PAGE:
*4 Thus, we conclude that it is possible for one not under the custody of the parole board to still be considered as if released on parole. In that status, the released prisoner may be subject to revocation of parole for violation of a law or ordinance.

The statutory provisions with which we are concerned were enacted in 1960 by the First State Legislature,[7] which was confronted with the task of establishing state prisoner and parole systems. We have previously mentioned Alaska's reliance on the federal statutes in enacting AS 33.20.040.[8] The construction which we have placed on the statutes is generally consistent with the federal decisions whereby a prisoner released more than 180 days before the expiration of his or her term may have parole revoked.[9]

Since it appears from the sketchy record presented to us that Morton's parole status was revoked because of violation of state laws, we conclude that such revocation was not prohibited by AS 33.15.190.[10]

The judgment of the superior court is AFFIRMED.

BURKE, J., not participating.

RABINOWITZ, Chief Justice, with whom MATTHEWS, Justice, joins, concurring.

Although we concur in the result, Justice Matthews and I differ with the court's reasoning. In our view, AS 33.20.040(a)[1] is controlling.

AS 33.15.190 provides, in part, that "A prisoner released on parole remains in the legal custody of the [parole] board until the expiration of the maximum term or terms to which he was sentenced, less good time allowances provided by law." In our view, the phrase "good time allowances provided by law" is defined in AS 33.20.040(a).[2] Thus, AS 33.20.040(a) limits the benefit of good time allowances to a prisoner already paroled to a maximum of 180 days.

NOTES

[1] AS 33.20.030 reads:

Discharge. A prisoner shall be released at the expiration of his term of sentence less the time deducted for good conduct. A certificate of deduction shall be entered on the commitment by the warden, keeper, or the commissioner.

AS 33.20.040(a) reads:

Released prisoner as parolee. (a) A prisoner serving the term or terms for which he was sentenced less good time deductions shall be released unconditionally if there remains less than 180 days to serve under his sentence. If there remains more than 180 days to serve under his sentence a prisoner, upon release, shall be considered as if released on parole until the expiration of the maximum term or terms for which he was sentenced less 180 days.

The two types of good time are defined in prior sections: time for good conduct in AS 33.20.010, and time for good employment or meritorious service in connection with prison operations in 33.20.020.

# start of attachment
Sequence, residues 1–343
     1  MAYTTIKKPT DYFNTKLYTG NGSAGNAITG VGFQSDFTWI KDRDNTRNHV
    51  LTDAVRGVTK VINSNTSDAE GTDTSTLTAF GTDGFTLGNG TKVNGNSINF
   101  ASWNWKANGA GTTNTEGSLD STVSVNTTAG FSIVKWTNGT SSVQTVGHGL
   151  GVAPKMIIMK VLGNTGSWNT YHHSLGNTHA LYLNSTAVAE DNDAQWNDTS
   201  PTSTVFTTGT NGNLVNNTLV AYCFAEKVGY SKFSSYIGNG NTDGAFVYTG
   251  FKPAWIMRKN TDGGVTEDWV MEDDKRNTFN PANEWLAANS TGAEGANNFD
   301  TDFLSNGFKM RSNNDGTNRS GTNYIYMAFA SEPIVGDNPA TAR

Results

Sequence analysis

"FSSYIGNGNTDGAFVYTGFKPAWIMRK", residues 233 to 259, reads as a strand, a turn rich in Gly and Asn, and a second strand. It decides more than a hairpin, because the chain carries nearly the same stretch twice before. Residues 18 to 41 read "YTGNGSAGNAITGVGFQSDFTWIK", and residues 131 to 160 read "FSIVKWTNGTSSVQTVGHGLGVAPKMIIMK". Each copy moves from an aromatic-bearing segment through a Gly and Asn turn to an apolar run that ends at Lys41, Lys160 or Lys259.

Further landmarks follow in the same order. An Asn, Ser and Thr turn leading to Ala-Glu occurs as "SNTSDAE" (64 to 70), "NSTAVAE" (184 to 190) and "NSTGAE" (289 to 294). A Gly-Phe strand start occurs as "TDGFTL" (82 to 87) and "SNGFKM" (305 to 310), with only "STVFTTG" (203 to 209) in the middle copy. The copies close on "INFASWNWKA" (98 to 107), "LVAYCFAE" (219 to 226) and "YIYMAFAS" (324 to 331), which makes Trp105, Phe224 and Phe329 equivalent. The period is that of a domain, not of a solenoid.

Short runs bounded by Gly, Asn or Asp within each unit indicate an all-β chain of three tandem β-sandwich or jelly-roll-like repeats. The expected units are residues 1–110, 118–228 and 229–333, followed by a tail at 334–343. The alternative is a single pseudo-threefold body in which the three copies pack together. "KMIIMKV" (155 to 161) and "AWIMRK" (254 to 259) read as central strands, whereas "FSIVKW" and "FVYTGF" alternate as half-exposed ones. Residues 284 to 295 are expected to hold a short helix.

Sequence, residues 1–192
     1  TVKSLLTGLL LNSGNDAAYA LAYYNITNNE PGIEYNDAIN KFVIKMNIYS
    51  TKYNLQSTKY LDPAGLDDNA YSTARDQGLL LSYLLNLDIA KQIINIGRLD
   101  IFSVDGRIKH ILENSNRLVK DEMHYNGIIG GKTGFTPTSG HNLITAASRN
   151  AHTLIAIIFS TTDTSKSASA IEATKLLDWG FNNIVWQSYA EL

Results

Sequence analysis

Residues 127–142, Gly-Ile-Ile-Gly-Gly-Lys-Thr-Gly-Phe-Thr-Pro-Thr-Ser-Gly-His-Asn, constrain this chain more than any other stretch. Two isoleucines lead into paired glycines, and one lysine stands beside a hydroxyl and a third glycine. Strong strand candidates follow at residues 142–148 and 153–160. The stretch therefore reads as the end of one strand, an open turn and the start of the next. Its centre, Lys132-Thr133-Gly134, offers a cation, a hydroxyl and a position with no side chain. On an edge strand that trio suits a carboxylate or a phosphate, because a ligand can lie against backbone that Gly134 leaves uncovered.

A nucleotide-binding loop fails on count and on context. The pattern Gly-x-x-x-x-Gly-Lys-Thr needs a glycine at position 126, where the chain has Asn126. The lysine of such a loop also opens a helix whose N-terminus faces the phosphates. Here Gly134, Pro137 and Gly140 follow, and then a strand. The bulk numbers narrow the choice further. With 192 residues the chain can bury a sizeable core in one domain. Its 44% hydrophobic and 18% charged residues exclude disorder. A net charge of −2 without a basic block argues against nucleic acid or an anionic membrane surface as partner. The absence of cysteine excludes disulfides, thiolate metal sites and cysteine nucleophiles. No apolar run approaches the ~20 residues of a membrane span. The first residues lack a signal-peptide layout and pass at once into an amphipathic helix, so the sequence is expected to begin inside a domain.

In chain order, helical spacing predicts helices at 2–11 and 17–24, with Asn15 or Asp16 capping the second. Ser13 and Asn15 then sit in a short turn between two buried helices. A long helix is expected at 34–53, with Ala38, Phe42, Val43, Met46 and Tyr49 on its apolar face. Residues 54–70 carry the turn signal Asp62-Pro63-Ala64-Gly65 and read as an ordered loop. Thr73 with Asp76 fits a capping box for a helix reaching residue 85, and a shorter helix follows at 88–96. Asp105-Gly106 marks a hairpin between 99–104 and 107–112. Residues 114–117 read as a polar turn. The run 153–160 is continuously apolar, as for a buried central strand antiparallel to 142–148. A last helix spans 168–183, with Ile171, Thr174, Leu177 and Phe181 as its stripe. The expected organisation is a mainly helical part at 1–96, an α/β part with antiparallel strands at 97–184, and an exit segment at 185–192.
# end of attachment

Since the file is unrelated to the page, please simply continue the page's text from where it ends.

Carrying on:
[2] In February, 1978, the no-parole provision was excised. However, the parole board did not grant Morton parole.

[3] The Judiciary Committee of the Alaska House of Representatives, in recommending the passage of AS 33.20.010-.060, reported, "The principle of good time for prisoners should be adopted into Alaska law as it is found in present federal laws dealing with Alaska." 1960 House Journal at 194.

[4] E.g., Tippitt v. U.S. Bd. of Parole, 446 F.2d 26 (6th Cir.1971); Desmond v. U.S. Bd. of Parole, 397 F.2d 386 (1st Cir.), cert. denied, 393 U.S. 919, 89 S. Ct. 249, 21 L. Ed. 2d 206 (1968); Sargis v. U.S. Bd. of Parole, 391 F. Supp. 362 (E.D.Mo. 1975); Williams v. Ciccone, 293 F. Supp. 271 (W.D.Mo. 1968), aff'd, 415 F.2d 331 (8th Cir.1969).

[5] The statutes in conflict here were enacted at the same time and concern the same subject, and are therefore in pari materia. "Statutes in pari materia although in apparent conflict, are so far as reasonably possible construed to be in harmony with each other." 2A C. Sands, Sutherland Statutory Construction § 51.02, at 290 (4th ed. 1973).

[6] The United States Supreme Court summed up such conditions in Morrissey v. Brewer, 408 U.S. 471, 478, 92 S. Ct. 2593, 2598, 33 L. Ed. 2d 484, 492 (1972):

To accomplish the purpose of parole, those who are allowed to leave prison early are subjected to specified conditions for the duration of their terms. These conditions restrict their activities substantially beyond the ordinary restrictions imposed by law on an individual citizen. Typically, parolees are forbidden to use liquor or to have associations or correspondence with certain categories of undesirable persons. Typically, also they must seek permission from their parole officers before engaging in specified activities, such as changing employment or living quarters, marrying, acquiring or operating a motor vehicle, traveling outside the community, and incurring substantial indebtedness. [citation omitted]

See also Roman v. State, 570 P.2d 1235 (Alaska 1977).

[7] See ch. 81, § 8, SLA 1960 and ch. 107, § 4, SLA 1960.

[8] See note 3, supra.

[9] See note 4, supra.

[10] Morton also challenges AS 33.20.040(a) as an unconstitutional denial of equal protection. We find no merit to this contention.

[1] AS 33.20.040(a) provides:

A prisoner serving the term or terms for which he was sentenced less good time deductions shall be released unconditionally if there remains less than 180 days to serve under his sentence. If there remains more than 180 days to serve under his sentence a prisoner, upon release, shall be considered as if released on parole until the expiration of the maximum term or terms for which he was sentenced less 180 days.

[2] In Matter of Estate of Hutchinson, 577 P.2d 1074, 1075 (Alaska 1978), (footnote omitted) we stated, in part:

It is an established principle of statutory construction that all sections of an act are to be construed together so that all have meaning and no section conflicts with another. Further, where one section deals with a subject in general terms and another deals with a part of the same subject in a more detailed way, the two should be harmonized, if possible; but if there is a conflict, the specific section will control over the general.

See also 2A C. Sands, Sutherland Statutory Construction 51.02 (4th ed. 1973).